This Saturday, 2/25, from 2-4pm local author C. L. Bragg will be signing copies of his book, Martyr of the American Revolution. His book is a nonfiction account of the efforts of South Carolina militiamen playing an integral role in helping the Continental army keep hold of their state. We have copies of his book available at the store for purchase, so make sure to grab a copy and talk to C. L. Bragg!
1. I love history! I am also particularly interested in the American Revolution. What sparked your interest in learning and writing about history?
CB: I’ve always, even as a young boy, been fascinated with our nation’s past. When one considers what a great country we live in (even with all of the current political turmoil, we are still the best country in the world) it has always amazed me that the concept of our government was somehow thought up “on the fly” by our Founding Fathers who were willing to risk their lives to make it happen. The American people have greatly benefited from their genius and a lot of good fortune. And since then we’ve had major upheavals (the Civil War and two world wars), but we’ve come through ok.
2. As a practicing anesthesiologist, how do you set aside time to write? What is your writing schedule like?
CB: When my boys were little (they are grown now) I could write after their bed time, which was early, and on weekends. It got harder as they got older because their bedtimes became later and later. So finally it got to the point that I was using every spare moment. This is ok because now when I get a story in my head I become somewhat restless until I get it down “on paper,” or rather, on computer.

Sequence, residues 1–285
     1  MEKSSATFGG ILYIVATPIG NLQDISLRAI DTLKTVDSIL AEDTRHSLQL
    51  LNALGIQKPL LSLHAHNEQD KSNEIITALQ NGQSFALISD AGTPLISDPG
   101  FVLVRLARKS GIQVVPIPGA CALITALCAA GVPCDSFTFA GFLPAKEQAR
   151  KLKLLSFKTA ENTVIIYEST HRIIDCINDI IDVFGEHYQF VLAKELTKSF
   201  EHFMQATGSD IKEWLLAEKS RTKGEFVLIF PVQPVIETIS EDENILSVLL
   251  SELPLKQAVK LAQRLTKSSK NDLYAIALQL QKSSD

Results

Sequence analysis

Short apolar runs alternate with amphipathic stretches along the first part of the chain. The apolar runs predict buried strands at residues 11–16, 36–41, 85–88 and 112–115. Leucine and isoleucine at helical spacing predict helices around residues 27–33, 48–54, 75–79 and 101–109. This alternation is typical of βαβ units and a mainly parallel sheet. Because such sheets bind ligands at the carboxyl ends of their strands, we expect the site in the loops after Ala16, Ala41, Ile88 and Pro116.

3. What draws you toward the history of the American South?
CB: What draws me to the history of the American south is that so much of our southern story hasn’t been told. When the South lost the Civil War, the North took control of our country’s historical narrative and we were for the most part left out, at least until about the 1980s.
4. What is the hardest part about researching for your books? What is the most rewarding?
CB: The hardest part is working with primary sources (original documents, for our readers), and the most rewarding is also working with primary sources.
What I mean is, the hardest part is ferreting out original documents that are not in repositories such as libraries or archives but are in private hands. But then some of the best stuff I’ve found literally came out-of-the woodwork and took me completely by surprise.
5. What I love the most is discovering interesting and nuanced facts and stories that are usually overlooked or unknown. Such as, I was fascinated to learn that Thomas Paine built bridges! Are there any stories or facts that you've learned that you think are really cool?
CB: That's a really good question. I found a marriage proposal from an old soldier to his daughter’s best friend that said, “Please take pity on my loneliness and say yes!” BTW, they were all adults, and the marriage between the old soldier and the younger woman lasted for decades. Another example: I came across a Revolutionary War letter in which the officer describes to his wife the warm welcome he received from his slaves when he returned home after the war. They were so happy to see him that he was actually moved to tears and wrote “I assure you I had to retire to the chamber several times to dry my eyes.”
6. What are you currently reading?
CB: Dreamland: The True Tale of America's Opiate Epidemic by Neil Hellegers.
The Politics of Taste in Antebellum Charleston by Maurie D. McInnis.
I just finished The Girl with Seven Names by Hyeonseo Lee.